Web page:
Jan 18 2010 Mike Waters
WITH snow paralysing large parts of the country last week I decided to work from home rather tha risk the treacherous trip into the office, a decision made all the easier by the fact that my car is about as good on the snow and ice as Bambi.
We seemed to have gone several years without serious snowfall but with widespread disruption brought by snow last year and with more of the same this year, tough winter driving conditions look like they are here to stay.
Now all of the weather warnings say that we shouldn't drive unless absolutely necessary, but that can be a tough temptation to resist if you have somewhere to be, especially if its for work.
That pressure goes some way to explain the findings of a survey conducted by Continental Tyres which showed that drivers are taking risks when it comes to poor weather, in particular snow and ice. Examples include drivers setting off without properly clearing their windscreen, failing to plan a route and the widespread use of a credit card to clear ice and snow from the vehicle.
No matter how good a driver you are, driving in snowy and icy conditions, or any adverse weather for that matter, is dangerous and nearly always constitutes a risk not worth taking. With most of us having access to at least one phone, a computer and internet access the need to travel is less than it has ever been.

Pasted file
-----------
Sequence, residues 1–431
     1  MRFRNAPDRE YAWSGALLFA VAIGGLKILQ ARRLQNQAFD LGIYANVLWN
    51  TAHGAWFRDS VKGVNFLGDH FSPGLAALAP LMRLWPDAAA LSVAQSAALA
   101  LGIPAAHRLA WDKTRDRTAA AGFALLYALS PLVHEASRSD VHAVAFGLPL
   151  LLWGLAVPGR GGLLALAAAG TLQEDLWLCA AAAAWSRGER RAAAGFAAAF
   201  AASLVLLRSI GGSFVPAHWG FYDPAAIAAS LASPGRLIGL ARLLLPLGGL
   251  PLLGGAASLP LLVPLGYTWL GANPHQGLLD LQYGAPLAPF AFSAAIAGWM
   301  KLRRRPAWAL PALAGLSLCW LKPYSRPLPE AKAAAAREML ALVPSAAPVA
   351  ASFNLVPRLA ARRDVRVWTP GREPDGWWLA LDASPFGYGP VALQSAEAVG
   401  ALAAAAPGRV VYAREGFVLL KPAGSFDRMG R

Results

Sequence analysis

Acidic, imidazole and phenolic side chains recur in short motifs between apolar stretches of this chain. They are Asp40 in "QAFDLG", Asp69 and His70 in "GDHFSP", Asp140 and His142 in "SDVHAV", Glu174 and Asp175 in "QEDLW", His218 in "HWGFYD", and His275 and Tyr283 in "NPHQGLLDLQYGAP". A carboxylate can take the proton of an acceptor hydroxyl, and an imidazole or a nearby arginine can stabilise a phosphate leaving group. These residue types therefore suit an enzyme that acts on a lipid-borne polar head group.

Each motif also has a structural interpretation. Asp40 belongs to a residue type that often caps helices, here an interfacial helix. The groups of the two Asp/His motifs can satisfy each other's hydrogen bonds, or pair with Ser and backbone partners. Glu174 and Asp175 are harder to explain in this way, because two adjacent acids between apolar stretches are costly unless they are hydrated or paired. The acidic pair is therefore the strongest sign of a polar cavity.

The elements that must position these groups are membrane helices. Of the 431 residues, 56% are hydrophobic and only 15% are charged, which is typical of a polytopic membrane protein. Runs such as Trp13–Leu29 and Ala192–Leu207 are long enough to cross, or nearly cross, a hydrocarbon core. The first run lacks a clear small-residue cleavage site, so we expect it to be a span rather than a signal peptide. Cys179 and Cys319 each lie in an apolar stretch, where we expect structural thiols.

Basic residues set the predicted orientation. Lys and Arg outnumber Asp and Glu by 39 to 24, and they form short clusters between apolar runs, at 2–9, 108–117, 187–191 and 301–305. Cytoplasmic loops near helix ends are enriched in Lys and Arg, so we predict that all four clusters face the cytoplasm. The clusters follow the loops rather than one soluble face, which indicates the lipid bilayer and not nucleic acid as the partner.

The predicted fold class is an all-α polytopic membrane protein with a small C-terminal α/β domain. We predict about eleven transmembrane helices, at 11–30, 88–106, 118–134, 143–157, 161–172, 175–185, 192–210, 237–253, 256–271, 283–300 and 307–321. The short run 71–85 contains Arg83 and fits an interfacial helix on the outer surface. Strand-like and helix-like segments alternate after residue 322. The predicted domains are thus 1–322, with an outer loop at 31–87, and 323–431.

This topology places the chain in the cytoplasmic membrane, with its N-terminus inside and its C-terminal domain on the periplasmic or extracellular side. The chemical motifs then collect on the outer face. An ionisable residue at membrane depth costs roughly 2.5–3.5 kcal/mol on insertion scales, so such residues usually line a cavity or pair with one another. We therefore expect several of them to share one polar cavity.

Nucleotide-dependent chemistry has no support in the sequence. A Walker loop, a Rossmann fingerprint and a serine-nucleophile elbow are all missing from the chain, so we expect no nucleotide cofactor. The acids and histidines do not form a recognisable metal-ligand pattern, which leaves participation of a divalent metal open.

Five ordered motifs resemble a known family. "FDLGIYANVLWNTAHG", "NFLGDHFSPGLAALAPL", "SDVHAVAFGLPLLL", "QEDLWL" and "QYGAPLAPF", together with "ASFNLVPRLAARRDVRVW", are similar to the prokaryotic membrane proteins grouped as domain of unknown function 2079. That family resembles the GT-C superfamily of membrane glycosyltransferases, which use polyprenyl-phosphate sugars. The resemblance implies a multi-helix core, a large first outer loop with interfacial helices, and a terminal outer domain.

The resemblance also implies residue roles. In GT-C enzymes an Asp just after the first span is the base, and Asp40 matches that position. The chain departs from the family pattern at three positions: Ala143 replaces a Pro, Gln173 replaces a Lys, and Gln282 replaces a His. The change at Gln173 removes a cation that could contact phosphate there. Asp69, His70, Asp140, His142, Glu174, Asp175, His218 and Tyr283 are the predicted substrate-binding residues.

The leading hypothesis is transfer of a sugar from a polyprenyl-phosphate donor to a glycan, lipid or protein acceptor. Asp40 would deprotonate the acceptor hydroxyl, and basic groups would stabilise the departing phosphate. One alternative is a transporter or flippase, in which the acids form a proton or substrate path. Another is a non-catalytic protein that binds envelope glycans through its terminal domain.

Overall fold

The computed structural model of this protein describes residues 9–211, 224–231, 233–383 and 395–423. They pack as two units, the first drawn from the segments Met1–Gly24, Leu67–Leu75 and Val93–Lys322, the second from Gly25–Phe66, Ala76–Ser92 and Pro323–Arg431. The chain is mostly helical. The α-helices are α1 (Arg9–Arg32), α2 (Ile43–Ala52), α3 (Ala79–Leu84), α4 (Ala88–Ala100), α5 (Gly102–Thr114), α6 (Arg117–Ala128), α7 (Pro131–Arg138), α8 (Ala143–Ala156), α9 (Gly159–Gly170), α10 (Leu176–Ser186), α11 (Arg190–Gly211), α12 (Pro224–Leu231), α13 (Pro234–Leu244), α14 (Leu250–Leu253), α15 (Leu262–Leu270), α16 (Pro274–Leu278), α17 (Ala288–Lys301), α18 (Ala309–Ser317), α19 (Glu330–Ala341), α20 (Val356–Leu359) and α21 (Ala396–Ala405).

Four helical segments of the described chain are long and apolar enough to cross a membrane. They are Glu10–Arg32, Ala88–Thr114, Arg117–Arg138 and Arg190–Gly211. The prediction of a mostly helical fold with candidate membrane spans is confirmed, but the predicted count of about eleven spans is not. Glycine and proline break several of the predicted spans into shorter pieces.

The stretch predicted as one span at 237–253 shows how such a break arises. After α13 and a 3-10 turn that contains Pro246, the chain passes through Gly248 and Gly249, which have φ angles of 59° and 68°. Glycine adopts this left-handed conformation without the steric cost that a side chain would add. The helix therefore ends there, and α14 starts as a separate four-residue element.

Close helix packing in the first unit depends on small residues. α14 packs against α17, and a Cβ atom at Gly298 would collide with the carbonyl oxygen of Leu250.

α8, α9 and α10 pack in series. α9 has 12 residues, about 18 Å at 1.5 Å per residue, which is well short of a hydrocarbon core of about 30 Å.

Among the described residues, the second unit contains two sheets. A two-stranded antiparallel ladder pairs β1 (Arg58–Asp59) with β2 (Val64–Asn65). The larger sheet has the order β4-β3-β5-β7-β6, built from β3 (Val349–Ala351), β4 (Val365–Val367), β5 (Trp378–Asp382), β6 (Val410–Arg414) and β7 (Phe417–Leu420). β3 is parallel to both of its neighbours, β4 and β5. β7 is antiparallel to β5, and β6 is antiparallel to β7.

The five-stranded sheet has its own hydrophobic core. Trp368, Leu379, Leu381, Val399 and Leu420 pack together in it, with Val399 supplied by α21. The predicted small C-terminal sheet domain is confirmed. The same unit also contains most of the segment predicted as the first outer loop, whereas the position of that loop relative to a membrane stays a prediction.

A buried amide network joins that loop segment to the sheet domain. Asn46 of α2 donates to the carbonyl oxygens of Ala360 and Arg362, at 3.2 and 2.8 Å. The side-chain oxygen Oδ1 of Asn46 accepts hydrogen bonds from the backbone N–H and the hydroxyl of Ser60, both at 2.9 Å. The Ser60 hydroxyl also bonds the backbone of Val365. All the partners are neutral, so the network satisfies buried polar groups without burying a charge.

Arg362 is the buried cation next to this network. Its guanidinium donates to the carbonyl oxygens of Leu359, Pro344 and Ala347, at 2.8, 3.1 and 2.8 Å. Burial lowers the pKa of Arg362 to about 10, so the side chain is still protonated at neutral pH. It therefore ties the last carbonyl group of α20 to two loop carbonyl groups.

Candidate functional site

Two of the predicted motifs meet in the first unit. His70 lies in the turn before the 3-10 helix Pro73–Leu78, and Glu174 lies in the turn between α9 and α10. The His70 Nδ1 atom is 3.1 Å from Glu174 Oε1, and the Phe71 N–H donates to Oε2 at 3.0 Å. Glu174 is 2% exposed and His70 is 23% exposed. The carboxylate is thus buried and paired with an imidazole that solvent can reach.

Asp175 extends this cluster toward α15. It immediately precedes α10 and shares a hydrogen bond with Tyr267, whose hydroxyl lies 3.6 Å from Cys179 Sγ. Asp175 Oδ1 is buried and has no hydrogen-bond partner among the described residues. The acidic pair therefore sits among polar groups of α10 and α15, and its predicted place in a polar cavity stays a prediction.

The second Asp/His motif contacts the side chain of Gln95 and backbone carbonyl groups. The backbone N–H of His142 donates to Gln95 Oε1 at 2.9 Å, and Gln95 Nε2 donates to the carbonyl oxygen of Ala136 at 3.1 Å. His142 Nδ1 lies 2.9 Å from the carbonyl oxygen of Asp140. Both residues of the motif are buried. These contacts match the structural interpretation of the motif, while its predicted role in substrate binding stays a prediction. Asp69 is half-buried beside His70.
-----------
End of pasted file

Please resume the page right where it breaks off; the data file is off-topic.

Despite this there are many drivers who take risks in bad weather and there really is no excuse. In those instances where we have to travel, drivers are failing to take measures like checking tread depths on tyres, using screen wash with antifreeze and driving vehicles that have been regularly maintained.
The world can't stop because of some snow, it certainly doesn't in countries where heavy snow is a regular occurrence but they are often better equipped to deal with extreme weather than we are. Driving in bad weather is a risk, don't do it unless you have to, and if you do, preparation is the key.
Check that windows are clean and free of ice and snow, that lights work, that tyres are up to scratch and that screenwash is working. Plan your route carefully and pack for the journey with de-icing equipment, a shovel, blanket, and sensible clothes.Take every precaution that you can to stay safe by driving carefully, preparing yourself and your vehicle for the challenging conditions ahead.
Mike Waters is director of market insight at Arval, Europe's leading fleet and fuel management company.